This Is AuburnElectronic Theses and Dissertations

Analysis of Florida Pompano Trachinotus carolinus performance when fed practical diets of increasing levels of cotton seed flour processed by varying methods




Cook, Rebecca

Type of Degree



Fisheries and Allied Aquacultures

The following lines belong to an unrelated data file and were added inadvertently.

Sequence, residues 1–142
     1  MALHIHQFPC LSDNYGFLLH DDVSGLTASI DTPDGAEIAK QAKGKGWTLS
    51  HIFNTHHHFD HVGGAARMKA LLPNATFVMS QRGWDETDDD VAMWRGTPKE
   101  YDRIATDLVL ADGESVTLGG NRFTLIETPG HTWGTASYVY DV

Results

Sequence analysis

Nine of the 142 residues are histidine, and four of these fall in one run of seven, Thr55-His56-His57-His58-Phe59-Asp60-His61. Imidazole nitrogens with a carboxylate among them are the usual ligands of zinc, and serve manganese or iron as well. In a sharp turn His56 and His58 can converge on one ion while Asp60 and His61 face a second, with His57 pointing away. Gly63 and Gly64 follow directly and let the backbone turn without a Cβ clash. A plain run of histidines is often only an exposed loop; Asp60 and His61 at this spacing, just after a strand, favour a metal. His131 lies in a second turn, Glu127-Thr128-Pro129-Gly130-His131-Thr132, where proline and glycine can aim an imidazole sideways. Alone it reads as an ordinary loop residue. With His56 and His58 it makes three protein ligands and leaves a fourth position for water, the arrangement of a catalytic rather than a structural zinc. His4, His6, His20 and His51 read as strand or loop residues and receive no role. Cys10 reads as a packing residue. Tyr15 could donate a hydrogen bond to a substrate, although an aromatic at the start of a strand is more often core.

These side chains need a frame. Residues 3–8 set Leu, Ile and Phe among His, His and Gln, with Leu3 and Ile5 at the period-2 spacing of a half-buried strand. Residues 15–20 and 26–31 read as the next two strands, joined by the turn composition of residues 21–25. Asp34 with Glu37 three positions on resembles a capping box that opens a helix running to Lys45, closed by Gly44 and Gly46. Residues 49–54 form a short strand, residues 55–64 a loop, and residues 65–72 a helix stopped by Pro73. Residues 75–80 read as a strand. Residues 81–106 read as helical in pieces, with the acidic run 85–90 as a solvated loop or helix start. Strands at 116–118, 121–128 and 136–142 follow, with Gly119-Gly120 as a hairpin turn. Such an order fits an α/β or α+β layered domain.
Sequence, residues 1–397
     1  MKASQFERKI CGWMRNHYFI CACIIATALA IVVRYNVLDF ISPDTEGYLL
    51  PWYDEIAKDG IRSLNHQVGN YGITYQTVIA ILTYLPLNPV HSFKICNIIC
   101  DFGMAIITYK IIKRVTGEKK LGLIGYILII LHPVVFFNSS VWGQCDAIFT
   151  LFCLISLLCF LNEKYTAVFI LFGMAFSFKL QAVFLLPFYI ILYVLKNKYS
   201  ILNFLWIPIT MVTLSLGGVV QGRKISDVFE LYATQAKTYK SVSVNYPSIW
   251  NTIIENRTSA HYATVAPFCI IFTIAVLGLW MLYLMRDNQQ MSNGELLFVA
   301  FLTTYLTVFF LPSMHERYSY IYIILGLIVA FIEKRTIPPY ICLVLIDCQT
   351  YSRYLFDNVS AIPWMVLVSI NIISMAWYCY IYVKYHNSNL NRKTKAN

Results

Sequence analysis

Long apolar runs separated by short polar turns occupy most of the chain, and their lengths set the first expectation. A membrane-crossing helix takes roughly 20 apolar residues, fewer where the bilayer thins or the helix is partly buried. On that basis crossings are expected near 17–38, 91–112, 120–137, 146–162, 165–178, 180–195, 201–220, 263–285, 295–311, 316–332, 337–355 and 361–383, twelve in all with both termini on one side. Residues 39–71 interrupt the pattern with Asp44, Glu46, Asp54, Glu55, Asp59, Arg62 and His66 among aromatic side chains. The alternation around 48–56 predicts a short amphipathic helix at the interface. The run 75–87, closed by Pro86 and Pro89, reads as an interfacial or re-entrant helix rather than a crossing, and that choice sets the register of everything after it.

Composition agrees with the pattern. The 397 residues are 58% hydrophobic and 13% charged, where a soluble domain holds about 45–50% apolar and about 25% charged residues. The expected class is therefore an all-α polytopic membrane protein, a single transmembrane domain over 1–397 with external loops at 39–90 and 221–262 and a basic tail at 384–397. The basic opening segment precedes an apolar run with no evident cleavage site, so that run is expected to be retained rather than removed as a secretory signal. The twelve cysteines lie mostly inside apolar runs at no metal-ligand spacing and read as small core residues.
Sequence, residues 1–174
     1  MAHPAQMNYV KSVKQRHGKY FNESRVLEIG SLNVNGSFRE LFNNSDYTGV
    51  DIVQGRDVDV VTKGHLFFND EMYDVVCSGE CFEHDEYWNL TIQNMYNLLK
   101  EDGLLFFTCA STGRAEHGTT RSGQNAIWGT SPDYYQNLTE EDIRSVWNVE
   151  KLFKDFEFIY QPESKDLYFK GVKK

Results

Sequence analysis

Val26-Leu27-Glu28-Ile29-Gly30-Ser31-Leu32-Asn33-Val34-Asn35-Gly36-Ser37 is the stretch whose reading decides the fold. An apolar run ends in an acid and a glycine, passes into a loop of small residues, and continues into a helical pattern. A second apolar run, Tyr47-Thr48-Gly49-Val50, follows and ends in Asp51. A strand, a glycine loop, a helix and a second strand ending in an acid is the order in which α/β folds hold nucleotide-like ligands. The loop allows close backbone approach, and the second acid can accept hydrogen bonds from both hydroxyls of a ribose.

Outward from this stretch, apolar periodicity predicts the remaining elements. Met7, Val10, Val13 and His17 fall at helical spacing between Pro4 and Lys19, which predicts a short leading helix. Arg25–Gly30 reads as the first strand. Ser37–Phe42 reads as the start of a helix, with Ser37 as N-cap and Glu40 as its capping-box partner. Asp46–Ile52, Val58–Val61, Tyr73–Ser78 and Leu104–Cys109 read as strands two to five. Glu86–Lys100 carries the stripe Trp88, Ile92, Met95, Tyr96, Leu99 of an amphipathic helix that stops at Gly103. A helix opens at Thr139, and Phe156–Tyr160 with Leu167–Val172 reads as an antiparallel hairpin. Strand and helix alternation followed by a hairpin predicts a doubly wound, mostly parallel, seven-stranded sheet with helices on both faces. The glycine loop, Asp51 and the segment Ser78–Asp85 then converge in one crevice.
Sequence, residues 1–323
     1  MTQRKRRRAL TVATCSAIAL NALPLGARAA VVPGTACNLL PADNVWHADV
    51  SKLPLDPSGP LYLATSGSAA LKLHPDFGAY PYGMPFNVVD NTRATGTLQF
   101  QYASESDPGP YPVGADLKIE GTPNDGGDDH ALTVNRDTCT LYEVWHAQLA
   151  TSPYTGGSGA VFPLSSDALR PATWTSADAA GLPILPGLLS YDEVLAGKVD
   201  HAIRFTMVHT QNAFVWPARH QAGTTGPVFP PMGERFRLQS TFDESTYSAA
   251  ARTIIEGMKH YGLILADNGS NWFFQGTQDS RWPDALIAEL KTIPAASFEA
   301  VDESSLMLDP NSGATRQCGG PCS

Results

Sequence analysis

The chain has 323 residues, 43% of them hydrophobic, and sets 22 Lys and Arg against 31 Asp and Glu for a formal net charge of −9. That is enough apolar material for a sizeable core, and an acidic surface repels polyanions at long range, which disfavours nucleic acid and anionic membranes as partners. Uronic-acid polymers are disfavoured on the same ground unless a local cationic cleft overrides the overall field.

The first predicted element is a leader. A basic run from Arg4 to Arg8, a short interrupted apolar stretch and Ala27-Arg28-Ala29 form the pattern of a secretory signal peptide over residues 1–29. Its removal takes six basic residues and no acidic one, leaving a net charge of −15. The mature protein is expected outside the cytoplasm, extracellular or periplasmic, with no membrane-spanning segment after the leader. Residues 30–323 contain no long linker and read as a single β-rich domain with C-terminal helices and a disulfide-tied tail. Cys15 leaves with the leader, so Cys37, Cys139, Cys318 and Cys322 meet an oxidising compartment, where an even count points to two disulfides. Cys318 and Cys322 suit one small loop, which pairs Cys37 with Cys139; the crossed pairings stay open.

Florida pompano is a propitious species for marine aquaculture, and high demand has made the development of practical feed formulations essential. The cost of feed can be reduced by alternative plant protein sources such as cottonseed meal or flour. Albeit this is a cost effective protein source, the presence of gossypol in the meal can cause adverse health affects and limits the level of inclusion. Selective breeding and/or processing methods designed to reduce the total gossypol content could be utilized to improve the quality of the product and allow high inclusion levels. In order to assess the effects of cottonseed meal and gossypol content on Florida pompano two growth studies were performed. The first trial compared the effects of increasing inclusion of traditional cottonseed meal and need for lysine supplementation, while the second compared the effects of three cottonseed products and their resulting gossypol levels. The first growth trial showed that use of up to 19.6% cottonseed flour with a lysine supplement does not inhibit growth performance of the fish and is an acceptable protein source. The second growth trial showed that diets containing genetically low gossypol cottonseed flour resulted in significantly higher final mean weights and percent weight gains of than fish diets formulated using traditional cottonseed flour or gossypol-extracted flour. All diets are comparable to the soybean meal reference diet with respect to mean final weight and percent weight gain of fish, FCR and survival. Following each trial, The digestibility of the primary protein sources were evaluated to provide basic data on digestibility coefficients. In the first trial, fishmeal, cottonseed meal, and corn gluten meal showed no significant difference as primary ingredients in regard to mean apparent dry matter digestibility (ADMD), mean apparent protein digestibility (APD), or mean apparent energy digestibility (AED). No significant difference between the mean apparent digestibility coefficients (ADC) values for cottonseed meal, extracted cottonseed meal, and glandless cottonseed meal diets were found with respect to ADMD for ingredients (ADMDI) and AEDI. However; ethanol (EtOH) extracted cottonseed flour was found to be significantly lower in apparent protein digestibility of the ingredient APD. These results provide support that cottonseed flour, especially that of a genetically low gossypol variety, is acceptable to use in feed for Florida Pompano. Diets including any of these primary ingredients show comparable performance and digestibility to fishmeal-based diets.